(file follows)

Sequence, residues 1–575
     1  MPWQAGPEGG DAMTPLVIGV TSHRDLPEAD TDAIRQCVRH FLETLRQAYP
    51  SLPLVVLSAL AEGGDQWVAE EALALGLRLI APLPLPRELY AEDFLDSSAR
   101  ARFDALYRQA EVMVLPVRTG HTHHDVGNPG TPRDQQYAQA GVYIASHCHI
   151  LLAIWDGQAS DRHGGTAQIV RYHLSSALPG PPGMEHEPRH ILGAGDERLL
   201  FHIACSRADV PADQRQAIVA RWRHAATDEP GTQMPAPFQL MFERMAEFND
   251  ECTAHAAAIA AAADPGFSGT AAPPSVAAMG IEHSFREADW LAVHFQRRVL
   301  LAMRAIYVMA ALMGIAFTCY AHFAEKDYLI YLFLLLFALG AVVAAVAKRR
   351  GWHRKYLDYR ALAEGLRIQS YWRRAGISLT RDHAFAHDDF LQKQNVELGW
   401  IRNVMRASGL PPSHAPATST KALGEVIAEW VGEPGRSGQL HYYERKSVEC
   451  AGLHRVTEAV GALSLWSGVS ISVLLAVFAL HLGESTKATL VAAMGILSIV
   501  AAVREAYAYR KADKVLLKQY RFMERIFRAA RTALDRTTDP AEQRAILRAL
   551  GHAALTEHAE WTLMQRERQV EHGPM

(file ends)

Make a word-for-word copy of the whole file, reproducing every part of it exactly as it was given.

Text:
Sequence, residues 1–575
     1  MPWQAGPEGG DAMTPLVIGV TSHRDLPEAD TDAIRQCVRH FLETLRQAYP
    51  SLPLVVLSAL AEGGDQWVAE EALALGLRLI APLPLPRELY AEDFLDSSAR
   101  ARFDALYRQA EVMVLPVRTG HTHHDVGNPG TPRDQQYAQA GVYIASHCHI
   151  LLAIWDGQAS DRHGGTAQIV RYHLSSALPG PPGMEHEPRH ILGAGDERLL
   201  FHIACSRADV PADQRQAIVA RWRHAATDEP GTQMPAPFQL MFERMAEFND
   251  ECTAHAAAIA AAADPGFSGT AAPPSVAAMG IEHSFREADW LAVHFQRRVL
   301  LAMRAIYVMA ALMGIAFTCY AHFAEKDYLI YLFLLLFALG AVVAAVAKRR
   351  GWHRKYLDYR ALAEGLRIQS YWRRAGISLT RDHAFAHDDF LQKQNVELGW
   401  IRNVMRASGL PPSHAPATST KALGEVIAEW VGEPGRSGQL HYYERKSVEC
   451  AGLHRVTEAV GALSLWSGVS ISVLLAVFAL HLGESTKATL VAAMGILSIV
   501  AAVREAYAYR KADKVLLKQY RFMERIFRAA RTALDRTTDP AEQRAILRAL
   551  GHAALTEHAE WTLMQRERQV EHGPM